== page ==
10 April 2006

The problem with zoos

I went to the zoo this weekend with my young niece and nephew. We had a great time. The tiger was particularly exciting for everyone since you could get right up to the glass to see him. Like most people, though, I really felt bad for the tiger. He was restricted, gawked at, and basically had little freedom. Our society only puts humans in a similar spot if they've committed a crime. No human would volunteer to live like the tiger. It would be deplorable. But how does the tiger see it?

I read a wonderful book once called 'The Life of Pi.' Among other things, the author makes the point that animals in the zoo are probably content with their lot. He makes his point by asking the following question about people: What if someday people you encountered everyday came and "liberated" you from your home? took you away from your house and your routine and put you in a completely new environment with no resources and no friends? would you be happy to be "free" or would you freak out completely? His point was that comfort, stability, and some level of happiness come from routine and ties to a place. The same is true, the argument goes, for zoo animals.

Of course we can never know for sure if this is true. Maybe the tiger really does desire freedom, or maybe he's happy living out his life in the zoo environment. My discomfort spoke far more about my own mind than it did about the tiger. Am I really happy going about the same routine in the same place? An uncomfortable question to be sure.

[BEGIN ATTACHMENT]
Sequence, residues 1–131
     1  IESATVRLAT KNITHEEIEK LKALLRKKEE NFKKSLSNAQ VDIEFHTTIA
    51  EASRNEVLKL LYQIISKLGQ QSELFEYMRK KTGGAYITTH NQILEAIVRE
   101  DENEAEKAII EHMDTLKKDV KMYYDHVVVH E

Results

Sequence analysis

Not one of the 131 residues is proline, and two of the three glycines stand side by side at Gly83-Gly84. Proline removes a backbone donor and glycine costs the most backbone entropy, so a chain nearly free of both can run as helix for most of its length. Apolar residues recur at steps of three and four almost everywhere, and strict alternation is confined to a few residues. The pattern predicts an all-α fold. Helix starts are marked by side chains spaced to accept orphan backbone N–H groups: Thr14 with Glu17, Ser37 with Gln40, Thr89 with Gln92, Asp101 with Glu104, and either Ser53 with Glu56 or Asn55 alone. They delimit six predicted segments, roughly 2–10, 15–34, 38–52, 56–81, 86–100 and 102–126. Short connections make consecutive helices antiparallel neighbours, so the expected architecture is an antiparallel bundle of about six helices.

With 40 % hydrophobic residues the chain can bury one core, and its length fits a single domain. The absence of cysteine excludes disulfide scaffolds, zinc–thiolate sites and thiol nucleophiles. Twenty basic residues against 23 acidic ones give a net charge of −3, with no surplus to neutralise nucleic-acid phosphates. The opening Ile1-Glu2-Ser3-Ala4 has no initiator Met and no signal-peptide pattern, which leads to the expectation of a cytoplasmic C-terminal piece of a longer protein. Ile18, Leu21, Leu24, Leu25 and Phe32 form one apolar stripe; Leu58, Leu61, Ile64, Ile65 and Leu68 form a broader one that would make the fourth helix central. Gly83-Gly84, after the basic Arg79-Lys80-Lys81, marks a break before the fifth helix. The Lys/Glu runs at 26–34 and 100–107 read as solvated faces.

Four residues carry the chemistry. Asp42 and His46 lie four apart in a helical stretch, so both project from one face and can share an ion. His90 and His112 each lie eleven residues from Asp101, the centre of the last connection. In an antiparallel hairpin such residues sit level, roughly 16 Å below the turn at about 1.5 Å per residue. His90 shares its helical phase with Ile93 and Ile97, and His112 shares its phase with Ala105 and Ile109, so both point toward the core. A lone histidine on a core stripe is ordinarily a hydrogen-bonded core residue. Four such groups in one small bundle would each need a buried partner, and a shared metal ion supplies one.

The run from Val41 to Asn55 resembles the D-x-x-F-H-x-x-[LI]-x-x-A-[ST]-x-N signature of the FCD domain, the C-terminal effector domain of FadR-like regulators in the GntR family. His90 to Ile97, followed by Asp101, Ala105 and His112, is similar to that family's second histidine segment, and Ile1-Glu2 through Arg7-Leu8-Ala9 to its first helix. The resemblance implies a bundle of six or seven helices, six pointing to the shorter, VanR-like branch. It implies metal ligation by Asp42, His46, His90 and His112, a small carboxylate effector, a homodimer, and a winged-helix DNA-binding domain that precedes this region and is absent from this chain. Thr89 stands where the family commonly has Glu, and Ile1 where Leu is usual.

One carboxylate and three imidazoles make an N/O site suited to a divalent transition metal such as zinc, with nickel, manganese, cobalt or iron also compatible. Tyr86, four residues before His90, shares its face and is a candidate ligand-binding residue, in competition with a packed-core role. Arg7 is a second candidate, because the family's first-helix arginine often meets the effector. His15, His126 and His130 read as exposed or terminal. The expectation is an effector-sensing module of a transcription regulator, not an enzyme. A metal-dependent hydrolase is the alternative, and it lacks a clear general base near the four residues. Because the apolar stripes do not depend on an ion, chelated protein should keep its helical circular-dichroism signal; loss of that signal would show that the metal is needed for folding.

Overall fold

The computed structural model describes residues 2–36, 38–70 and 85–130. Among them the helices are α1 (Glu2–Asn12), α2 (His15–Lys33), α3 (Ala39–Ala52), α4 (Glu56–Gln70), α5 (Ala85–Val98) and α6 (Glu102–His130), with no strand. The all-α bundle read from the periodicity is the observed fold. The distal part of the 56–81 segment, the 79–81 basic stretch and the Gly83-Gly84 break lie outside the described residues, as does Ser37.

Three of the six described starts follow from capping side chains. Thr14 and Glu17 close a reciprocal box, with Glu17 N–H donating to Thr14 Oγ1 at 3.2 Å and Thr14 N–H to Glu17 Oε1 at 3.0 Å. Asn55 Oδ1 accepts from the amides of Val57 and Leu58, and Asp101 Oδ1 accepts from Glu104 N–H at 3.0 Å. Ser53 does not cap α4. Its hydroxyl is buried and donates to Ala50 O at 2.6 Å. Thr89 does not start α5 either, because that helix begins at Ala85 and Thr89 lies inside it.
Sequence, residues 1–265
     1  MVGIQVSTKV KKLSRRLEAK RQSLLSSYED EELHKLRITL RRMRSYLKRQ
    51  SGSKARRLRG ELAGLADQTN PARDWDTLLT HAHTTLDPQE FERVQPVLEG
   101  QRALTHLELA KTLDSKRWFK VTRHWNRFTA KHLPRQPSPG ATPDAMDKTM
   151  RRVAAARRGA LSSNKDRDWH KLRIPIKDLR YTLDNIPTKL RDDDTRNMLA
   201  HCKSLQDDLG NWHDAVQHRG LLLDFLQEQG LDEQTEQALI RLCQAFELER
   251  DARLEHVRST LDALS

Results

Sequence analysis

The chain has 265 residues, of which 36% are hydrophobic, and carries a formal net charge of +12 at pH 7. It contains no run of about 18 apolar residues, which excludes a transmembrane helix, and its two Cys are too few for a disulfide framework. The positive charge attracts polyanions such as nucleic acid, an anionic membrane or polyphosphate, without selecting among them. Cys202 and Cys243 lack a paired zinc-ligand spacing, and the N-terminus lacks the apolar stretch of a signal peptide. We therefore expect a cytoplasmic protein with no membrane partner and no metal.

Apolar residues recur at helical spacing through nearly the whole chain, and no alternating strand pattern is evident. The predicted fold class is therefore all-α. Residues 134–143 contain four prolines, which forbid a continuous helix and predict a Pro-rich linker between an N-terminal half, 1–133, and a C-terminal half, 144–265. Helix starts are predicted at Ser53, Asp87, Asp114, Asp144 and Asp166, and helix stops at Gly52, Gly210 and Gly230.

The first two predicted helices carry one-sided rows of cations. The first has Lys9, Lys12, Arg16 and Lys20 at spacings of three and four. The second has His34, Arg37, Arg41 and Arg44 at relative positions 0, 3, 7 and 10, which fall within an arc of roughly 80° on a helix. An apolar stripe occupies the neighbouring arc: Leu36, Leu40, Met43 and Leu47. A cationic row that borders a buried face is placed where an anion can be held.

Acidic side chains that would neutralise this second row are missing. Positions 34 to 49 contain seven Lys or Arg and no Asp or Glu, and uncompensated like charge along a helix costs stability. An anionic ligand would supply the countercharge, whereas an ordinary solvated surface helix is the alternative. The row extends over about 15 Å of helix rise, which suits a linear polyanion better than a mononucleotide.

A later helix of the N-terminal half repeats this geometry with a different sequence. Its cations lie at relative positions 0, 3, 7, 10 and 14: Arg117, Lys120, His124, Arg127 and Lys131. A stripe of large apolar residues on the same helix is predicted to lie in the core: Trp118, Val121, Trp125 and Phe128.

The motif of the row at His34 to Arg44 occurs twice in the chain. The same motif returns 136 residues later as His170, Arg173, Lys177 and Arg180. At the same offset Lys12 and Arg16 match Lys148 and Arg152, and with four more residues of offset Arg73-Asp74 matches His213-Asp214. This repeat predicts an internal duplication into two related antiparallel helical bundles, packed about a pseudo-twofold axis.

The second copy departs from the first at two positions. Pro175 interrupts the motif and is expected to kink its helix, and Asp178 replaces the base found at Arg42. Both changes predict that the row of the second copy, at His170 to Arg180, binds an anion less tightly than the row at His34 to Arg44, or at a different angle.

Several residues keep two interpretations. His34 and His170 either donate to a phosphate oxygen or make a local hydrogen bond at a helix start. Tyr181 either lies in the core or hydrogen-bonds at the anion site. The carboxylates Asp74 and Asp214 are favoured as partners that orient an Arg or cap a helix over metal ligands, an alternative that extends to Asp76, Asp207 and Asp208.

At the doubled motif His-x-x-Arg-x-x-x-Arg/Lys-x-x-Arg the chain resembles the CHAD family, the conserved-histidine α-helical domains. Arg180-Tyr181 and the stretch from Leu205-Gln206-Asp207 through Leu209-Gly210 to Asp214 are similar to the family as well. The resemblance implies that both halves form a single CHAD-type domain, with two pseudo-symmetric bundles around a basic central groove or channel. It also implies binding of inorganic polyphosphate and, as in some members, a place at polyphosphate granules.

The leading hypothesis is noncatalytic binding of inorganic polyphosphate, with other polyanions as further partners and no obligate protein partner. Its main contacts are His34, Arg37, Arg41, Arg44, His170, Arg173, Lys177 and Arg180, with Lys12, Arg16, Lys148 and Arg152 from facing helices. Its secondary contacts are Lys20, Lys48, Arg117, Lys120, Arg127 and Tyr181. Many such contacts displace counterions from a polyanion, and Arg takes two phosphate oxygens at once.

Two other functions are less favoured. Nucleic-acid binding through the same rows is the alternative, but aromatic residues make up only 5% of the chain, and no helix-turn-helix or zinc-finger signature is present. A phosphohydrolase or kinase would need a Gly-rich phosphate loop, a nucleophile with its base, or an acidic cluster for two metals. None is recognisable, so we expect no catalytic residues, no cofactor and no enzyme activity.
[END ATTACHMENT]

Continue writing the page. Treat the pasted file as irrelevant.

05 April 2006

I finished the introduction to my master's thesis today. Seven pages, 13 footnotes, excessive use of words like "hermeneutic," "discourse," and "neo-liberal economic hegemony." Well, okay, I finished the first draft. It will probably have to be rewritten at least once, but it's a step in the right direction.

Here's my dilemma. I teach a bunch of high school kids, and I doubt any of them could understand what I am saying in my paper. Hell, my mom and dad both have masters degrees, and I doubt they could understand my thesis either. The only ones who will make any sense of it will be the three professors who read and grade it. I'm writing a 50 page paper for an audience of three. Not very productive in the overall scheme of things.